This post originally appeared as part of the Data Values Digest, a weekly update with thought-provoking reflections on current events. Subscribe to it here


As the summer ends, we’re looking back at ideas emerging from the Data Values Project. One thing that stood out this month was expressed in a Fireside Chat with Gwen Phillips, Indigenous data advocate and member of the Ktunaxa Nation. When the Canadian government collects data on the Ktunaxa people, Gwen said, they “report on how sick and ugly and dysfunctional Indigenous people are” instead of on the community’s assets, strengths, and abilities. And Gwen says that’s not by accident.

“As long as others are controlling the agenda, data, and investments, we’re always going to be subject to being beggars in our homeland,” she explained.

In other words, who has control of defining concepts results in different measures and outcomes.

In the data for development community, we’ve been emphatic about increasing visibility through data. So many people are missing in data that it’s almost an automatic response to seek to fill these gaps. But data deficits are a narrow slice of a much larger issue, and data itself is more than just a means of preventing people falling through the cracks. This push for greater visibility can be a double-edged sword: Not only are vulnerable people often harmed by their inclusion in data, but many people dispute the way they are defined and represented in existing data.

This is why we keep coming back to the idea of personal and collective agency in the Data Values Project. That data for development is often framed as a top-down endeavor reflects the modern history of counting people. The field of statistics has its origins in the basic functions of the state when measuring people, land, and possessions became a key source of power for governments—especially for European nations seeking to subjugate and control colonized people from afar.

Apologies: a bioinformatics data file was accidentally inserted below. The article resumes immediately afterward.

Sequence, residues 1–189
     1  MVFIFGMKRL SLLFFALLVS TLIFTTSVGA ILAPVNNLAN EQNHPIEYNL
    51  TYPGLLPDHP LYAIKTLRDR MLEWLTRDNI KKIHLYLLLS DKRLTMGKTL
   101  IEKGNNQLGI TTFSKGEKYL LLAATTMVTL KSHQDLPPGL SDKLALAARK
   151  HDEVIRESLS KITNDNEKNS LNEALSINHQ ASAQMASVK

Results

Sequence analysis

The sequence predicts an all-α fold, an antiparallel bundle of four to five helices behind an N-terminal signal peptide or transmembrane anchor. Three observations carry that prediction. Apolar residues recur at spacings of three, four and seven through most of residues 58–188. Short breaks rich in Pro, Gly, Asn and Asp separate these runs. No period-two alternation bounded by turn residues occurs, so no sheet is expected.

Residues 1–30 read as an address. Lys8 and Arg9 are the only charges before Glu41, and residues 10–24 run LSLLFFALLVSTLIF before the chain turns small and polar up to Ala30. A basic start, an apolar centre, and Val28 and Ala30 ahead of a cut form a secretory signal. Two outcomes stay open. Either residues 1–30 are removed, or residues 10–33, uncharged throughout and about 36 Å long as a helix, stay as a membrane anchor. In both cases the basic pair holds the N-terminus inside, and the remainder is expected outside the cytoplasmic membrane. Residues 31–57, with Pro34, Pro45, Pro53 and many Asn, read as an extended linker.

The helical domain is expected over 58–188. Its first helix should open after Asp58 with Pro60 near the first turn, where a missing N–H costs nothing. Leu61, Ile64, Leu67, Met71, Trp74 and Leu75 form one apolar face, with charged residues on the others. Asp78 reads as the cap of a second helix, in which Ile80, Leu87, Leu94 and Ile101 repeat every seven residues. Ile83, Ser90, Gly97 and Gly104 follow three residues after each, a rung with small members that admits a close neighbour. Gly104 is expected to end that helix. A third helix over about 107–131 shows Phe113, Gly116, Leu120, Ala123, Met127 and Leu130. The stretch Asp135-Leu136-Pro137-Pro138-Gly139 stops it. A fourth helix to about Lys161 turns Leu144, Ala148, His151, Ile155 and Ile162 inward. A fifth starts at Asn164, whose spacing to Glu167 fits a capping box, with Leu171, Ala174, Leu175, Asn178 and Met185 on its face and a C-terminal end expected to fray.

Conversations in the Data Values Project have prompted us to expand the dominant narrative around data inclusivity. In addition to Gwen and Tom’s chat, Josh Powell of Development Gateway challenged us to confront the ways data collected with good intentions can be used by governments to harm people. Caroline Teti of GiveDirectly called on development practitioners to hold ourselves accountable for ensuring people understand when, how, and why we are using their data—even if we weren’t the ones who originally collected it.

The pursuit of equity is not just about counting people, making them more visible through data, and listening to diverse perspectives. It’s also about giving people control to define how they are measured and how their data is used. And so we’re asking if it’s possible—by acknowledging and overturning the top-down origins of counting people—to make data a tool of self-determination and a means of restructuring power imbalances, especially among historically marginalized places and people around the world.

Instead of answering philosophical questions of what personal or collective agency looks like in diverse contexts, members of the Data Values Project are struggling with the more difficult task of defining agency, what it means, where it sits, and why it matters. We’re also seeking to identify approaches that foster and expand agency over data while recognizing that it’s not possible (or even desirable) to include every person in every data decision.